Effects of anthropogenic sound on fishes
High levels of sound are known to have significant effects on the auditory system and overall physiology of humans and other animals. Although there has been recent concern about the effects of anthropogenic sounds, such as those produced by Navy sonar or seismic surveys, on marine mammals, little is known about how such intense underwater sounds affect other marine life such as fishes. Some of our lab projects focus on how loud sounds damage the ears and hearing capabilities of fishes. In the Smith lab, we examine damage to the hair cells of fish ears using phalloidin to label stereociliary bundles and scanning electron microscopy (SEM), and we measure the effect on fish hearing using electrophysiological methods (recording auditory evoked potentials). We are currently examining the relationship between hair cell loss and hearing loss in fishes. Loud continuous sounds can cause temporary hearing loss in fishes, with the extent of hearing loss increasing with noise exposure duration and intensity, and recovery of hearing occurring within a few days or weeks. The extent of hearing loss is also species specific- fishes with more sensitive hearing thresholds are more prone to hearing loss, whereas non-sensitive fish are barely affected. The latter was shown in a long term-study on the effects of aquaculture noise in rainbow trout (Wysocki et al., 2007). I have proposed a model termed the Linear Threshold Shift Hypothesis (LINTS) to predict the extent of noise-induced hearing loss in fishes, and this model should be beneficial in mitigating the effects of anthropogenic sound on fishes (Smith et al. 2004). This model uses sound pressure as a measure of hearing thresholds as is commonly done in fish audiograms, but since many fish species are not very sensitive to the pressure component of sound, particle motion also needs to be measured in the future (Smith et al., 2012). Other effects of noise on fishes include acoustical masking and physiological and behavioral stress responses, which also depend on species and noise type.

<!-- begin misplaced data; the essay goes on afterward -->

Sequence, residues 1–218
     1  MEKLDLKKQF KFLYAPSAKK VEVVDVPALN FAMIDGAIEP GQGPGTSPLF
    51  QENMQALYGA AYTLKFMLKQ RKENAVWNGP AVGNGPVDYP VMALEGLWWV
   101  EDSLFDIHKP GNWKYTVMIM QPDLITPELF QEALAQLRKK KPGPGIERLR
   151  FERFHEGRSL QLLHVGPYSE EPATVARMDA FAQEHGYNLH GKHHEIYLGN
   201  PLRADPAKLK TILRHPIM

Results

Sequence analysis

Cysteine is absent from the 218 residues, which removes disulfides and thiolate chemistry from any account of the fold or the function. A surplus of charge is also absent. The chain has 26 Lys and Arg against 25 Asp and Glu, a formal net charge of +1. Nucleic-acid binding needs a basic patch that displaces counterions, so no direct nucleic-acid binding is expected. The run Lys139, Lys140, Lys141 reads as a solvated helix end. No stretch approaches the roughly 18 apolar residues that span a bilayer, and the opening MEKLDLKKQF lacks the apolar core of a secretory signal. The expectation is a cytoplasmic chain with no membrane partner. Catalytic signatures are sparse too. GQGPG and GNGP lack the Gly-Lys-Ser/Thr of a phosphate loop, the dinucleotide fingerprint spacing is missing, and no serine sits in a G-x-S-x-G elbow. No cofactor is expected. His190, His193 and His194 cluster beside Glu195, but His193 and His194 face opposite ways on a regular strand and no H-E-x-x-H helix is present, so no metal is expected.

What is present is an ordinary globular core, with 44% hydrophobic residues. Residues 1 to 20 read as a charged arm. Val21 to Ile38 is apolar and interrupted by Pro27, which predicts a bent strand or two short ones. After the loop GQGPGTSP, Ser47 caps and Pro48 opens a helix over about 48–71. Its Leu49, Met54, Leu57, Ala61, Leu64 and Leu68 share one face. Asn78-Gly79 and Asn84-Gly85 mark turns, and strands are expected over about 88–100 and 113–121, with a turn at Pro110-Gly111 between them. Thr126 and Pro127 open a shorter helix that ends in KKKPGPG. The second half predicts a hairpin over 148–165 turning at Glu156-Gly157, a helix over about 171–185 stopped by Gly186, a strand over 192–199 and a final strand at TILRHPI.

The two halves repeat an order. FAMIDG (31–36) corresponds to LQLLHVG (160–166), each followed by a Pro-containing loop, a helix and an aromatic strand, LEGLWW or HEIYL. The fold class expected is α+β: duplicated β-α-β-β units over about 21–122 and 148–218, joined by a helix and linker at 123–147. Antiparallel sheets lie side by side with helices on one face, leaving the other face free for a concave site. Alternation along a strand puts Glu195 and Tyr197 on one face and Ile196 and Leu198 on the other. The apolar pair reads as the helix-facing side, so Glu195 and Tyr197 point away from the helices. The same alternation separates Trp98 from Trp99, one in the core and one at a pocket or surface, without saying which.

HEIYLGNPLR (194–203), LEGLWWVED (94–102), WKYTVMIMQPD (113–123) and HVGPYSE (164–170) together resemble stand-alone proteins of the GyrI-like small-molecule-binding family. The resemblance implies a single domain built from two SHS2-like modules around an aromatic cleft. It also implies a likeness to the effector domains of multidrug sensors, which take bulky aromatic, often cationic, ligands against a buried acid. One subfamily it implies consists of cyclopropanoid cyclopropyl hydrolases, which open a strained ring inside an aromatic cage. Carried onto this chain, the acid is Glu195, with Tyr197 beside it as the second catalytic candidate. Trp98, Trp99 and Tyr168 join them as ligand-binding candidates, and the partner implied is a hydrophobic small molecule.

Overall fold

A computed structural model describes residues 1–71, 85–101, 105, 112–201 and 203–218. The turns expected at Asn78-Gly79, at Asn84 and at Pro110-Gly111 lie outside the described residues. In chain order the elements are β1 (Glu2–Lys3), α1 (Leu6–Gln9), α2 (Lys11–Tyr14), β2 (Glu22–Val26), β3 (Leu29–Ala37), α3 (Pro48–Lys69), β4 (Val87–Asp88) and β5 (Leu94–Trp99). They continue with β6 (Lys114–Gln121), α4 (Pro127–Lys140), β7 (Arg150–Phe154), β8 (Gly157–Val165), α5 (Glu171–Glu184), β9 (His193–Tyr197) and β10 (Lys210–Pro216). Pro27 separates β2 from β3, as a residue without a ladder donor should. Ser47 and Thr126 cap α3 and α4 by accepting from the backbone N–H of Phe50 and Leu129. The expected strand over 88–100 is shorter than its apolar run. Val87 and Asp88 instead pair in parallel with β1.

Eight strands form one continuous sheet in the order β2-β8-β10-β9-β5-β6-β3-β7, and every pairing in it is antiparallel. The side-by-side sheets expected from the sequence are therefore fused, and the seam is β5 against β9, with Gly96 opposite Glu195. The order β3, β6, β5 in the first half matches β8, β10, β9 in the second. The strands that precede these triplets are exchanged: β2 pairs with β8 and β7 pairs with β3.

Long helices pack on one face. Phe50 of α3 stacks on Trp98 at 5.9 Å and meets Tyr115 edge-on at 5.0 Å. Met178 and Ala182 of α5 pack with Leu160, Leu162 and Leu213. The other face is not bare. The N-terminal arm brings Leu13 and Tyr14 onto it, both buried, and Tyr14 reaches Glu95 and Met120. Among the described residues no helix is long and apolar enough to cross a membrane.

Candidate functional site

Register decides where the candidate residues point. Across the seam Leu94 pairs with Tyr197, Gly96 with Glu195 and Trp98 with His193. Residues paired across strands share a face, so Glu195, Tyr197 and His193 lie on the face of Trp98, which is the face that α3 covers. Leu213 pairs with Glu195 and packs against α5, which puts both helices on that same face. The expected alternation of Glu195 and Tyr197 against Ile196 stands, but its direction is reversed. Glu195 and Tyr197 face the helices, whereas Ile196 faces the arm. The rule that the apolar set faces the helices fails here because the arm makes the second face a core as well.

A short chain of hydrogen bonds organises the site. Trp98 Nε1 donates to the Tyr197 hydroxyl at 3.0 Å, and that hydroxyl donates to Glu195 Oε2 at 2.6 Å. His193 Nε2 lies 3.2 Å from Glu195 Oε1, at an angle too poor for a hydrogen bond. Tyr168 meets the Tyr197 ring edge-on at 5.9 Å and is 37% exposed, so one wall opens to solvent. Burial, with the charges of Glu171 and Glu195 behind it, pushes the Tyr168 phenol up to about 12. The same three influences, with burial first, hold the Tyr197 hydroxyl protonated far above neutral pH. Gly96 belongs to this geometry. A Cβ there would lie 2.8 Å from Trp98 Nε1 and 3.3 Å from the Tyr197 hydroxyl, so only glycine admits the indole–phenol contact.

Collaborations with other laboratories in which we have examined anthropogenic sound sources include examination of hearing loss in northern pike, broad whitefish, and lake chub (from the Mackenzie River Delta) following exposure to seismic airguns (Popper et al., 2005), and in rainbow trout exposed to high-intensity, low-frequency active sonar (Popper et al., 2007), and the examination of the sensory hair cells in the saccule of hybrid striped bass and tilapia following exposure to pile driving stimuli (Casper et al., 2013).
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